Read More 6 Ways to Cut Down Energy Costs In The Summer

Detergent Overload

Most people use far more detergent than they actually need to. Liquid, pods, powders – It’s no wonder there’s so much confusion about how to use laundry detergent correctly!  Knowing how much detergent to use can extend the life of your clothes and help conserve money by saving on the expense of detergent.

There are several factors to consider when it comes to using laundry detergent properly. First, determine what kind of detergent is best for you. Liquid detergents are easy to pour and work great for spot-cleaning grease stains and ground-in dirt. While powder detergents are good for consistent cleaning overall, too much powder can leave a milky residue on your clothes if not measured properly.  The popular pod takes the guesswork out of measuring out your detergent.  Be sure to never use regular detergent in high-efficiency (HE) washers. This will create far too many suds and can damage the washer’s mechanics over time.

Second, consider load size. Most detergent measuring caps or instructions should state the ideal amount of detergent to use for certain load sizes. Here’s a quick way to determine the load size: if the machine’s drum looks one-quarter full once all the clothes are inside, then that’s a small load. If it looks about half-full, it’s a medium load, and if it’s close to full, it’s a full load. Do not overload your washer—cramming in too many clothes won’t allow the detergent to distribute evenly, which can cause wrinkled, less-than-clean clothes.

Finally, be careful when measuring out your laundry detergent. Using too much detergent won’t make your clothes cleaner—in fact, it will leave a residue on your clothes that can make them break down that much faster and too many suds will not allow an adequate amount of water to fill the machine.  This is due to a water level sensor. Also, detergents today tend to be much more concentrated than they were in the past, so be sure to carefully check the recommended amounts on the detergent packaging and double-check the cap’s measuring lines before you pour.

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Always Wash New Clothes

There are three good reasons to wash new clothes, especially those that are worn in direct contact with your skin, before you wear them.

  • One is to wash out extra dye that can be transferred to your skin or other garments. Most fabric made from synthetic fibers (polyester, acrylic) are colored with azo-aniline dyes. These dyes can cause severe skin reactions for those who are allergic to them. If the allergy is severe, the rash will be similar to poison ivy. But even less severe reactions can cause dry, itchy inflamed patches of skin.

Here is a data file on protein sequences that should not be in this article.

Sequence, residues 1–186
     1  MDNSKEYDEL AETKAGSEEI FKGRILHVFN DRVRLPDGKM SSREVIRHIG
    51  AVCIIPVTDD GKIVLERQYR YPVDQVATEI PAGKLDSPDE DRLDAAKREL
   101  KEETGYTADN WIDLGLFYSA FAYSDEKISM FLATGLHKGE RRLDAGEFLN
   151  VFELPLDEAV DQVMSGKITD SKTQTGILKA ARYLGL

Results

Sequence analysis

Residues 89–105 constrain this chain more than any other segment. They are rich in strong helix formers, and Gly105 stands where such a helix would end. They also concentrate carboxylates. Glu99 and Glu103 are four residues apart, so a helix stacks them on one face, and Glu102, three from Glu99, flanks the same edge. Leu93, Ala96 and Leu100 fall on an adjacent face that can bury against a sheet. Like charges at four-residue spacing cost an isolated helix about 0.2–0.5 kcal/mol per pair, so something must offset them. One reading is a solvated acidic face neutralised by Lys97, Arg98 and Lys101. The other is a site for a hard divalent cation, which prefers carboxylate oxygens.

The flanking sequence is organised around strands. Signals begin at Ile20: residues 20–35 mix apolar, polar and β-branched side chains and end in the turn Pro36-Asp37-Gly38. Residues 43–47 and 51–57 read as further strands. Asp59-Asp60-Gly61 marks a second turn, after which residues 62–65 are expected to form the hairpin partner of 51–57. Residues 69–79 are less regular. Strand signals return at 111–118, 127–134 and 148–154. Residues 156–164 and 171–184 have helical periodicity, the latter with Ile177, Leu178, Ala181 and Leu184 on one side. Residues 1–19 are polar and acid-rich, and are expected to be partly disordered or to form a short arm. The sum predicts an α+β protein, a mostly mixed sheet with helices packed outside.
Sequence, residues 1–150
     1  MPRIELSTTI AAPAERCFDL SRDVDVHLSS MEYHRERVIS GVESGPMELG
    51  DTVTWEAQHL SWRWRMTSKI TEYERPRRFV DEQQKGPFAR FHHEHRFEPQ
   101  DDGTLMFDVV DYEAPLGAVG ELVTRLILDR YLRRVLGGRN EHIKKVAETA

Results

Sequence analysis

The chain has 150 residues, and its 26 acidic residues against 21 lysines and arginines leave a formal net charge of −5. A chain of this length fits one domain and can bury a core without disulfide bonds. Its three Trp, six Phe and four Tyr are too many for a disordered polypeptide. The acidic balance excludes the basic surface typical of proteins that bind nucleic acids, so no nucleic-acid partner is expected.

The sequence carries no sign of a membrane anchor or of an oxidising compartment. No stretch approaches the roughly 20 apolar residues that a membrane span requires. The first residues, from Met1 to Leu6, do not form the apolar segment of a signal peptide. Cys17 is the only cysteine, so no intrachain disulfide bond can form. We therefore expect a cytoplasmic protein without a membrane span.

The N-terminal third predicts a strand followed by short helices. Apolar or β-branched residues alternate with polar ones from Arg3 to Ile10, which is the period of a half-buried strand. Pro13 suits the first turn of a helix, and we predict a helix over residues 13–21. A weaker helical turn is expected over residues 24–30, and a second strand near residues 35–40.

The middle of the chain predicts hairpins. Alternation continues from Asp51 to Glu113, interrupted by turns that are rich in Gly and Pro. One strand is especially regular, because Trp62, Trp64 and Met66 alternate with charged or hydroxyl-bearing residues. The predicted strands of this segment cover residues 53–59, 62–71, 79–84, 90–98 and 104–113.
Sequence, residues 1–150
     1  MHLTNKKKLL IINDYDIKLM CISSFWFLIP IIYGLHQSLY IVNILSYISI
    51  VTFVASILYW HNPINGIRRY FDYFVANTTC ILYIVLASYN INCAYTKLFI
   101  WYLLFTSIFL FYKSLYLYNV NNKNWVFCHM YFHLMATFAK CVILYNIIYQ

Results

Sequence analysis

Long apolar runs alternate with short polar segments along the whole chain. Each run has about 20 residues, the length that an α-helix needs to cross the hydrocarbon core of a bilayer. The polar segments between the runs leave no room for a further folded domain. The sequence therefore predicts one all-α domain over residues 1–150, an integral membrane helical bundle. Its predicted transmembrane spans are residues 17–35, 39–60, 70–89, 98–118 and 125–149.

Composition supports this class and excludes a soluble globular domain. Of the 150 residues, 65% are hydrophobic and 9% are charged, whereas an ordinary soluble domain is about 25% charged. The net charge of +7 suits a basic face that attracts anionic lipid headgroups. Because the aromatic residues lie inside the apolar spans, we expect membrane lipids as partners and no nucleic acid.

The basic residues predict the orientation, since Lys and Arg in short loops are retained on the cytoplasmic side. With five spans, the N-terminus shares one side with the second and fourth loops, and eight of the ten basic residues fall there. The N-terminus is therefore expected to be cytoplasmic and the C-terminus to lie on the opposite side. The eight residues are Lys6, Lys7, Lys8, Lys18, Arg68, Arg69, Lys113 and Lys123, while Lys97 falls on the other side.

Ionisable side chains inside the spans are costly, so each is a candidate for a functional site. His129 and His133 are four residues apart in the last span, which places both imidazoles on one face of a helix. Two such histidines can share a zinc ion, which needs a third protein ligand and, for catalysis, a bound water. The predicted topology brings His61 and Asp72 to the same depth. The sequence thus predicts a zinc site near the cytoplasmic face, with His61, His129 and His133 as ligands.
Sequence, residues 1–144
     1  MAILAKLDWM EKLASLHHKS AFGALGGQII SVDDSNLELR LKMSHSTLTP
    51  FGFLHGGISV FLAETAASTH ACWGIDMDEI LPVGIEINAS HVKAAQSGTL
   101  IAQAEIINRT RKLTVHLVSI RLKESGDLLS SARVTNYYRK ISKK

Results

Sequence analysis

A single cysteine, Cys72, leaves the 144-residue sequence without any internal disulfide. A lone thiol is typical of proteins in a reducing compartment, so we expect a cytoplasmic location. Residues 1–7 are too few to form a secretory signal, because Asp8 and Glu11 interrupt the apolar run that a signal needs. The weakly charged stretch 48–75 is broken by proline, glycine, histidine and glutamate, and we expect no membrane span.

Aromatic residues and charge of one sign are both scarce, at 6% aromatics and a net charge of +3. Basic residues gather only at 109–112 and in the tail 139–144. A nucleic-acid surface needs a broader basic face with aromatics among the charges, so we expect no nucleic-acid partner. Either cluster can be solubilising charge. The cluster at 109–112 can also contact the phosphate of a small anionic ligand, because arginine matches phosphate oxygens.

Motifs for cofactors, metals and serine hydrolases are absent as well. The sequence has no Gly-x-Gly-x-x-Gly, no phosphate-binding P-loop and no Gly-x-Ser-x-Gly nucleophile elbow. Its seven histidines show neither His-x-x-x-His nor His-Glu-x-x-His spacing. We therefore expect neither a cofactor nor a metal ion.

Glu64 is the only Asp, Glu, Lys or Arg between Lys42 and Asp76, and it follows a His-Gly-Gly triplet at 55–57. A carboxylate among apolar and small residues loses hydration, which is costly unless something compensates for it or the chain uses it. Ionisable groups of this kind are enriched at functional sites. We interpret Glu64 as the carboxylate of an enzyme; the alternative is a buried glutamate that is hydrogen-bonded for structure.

• It is possible to transfer lice, scabies, bacteria and fungus from person to person when clothes are tried on. Dressing rooms can become breeding grounds for everything from viruses to athlete’s foot.
  • And, most importantly, to remove the chemical finishes that manufacturers put on clothes to enhance color or texture. The finishes won’t bother everyone, but if you have sensitive skin you can develop a rash especially in constant contact areas like armpits, collars, cuffs and trouser waists and thighs.

Urea formaldehyde is often the chemical used to prevent mildew on clothes that have to be shipped long distances in hot, humid containers from overseas to the United States. It has a very strong odor that will remain in the fabric until the garment is washed. One washing will not remove formaldehyde completely but you will reduce the build up significantly and it will continue to be removed with each wash.

It is especially important that children’s clothing, especially clothes for babies, be washed before they are worn. Babies are particularly sensitive to chemicals and skin rashes can occur. Select a detergent that is fragrance free and dye free as these can also cause skin reactions. Washing the clothes for children will also make them softer and more comfortable for them to wear.

Washing new sheets/blankets and towels is also important to remove chemicals since these come in direct contact with skin. Washing will also improve the absorbency of the fabric by removing surface fiber coatings.

If you have a tag on the garment that reads “wash separately before wearing”, beware of dye transfer and color bleeding. Washing will help remove the excess dye but check the rinse water. If color remains in the water, it make take several wash cycles to get rid of the excess dye so continue to wash separately or with similar colors.

Read More 6 Ways to Cut Down Energy Costs In The Summer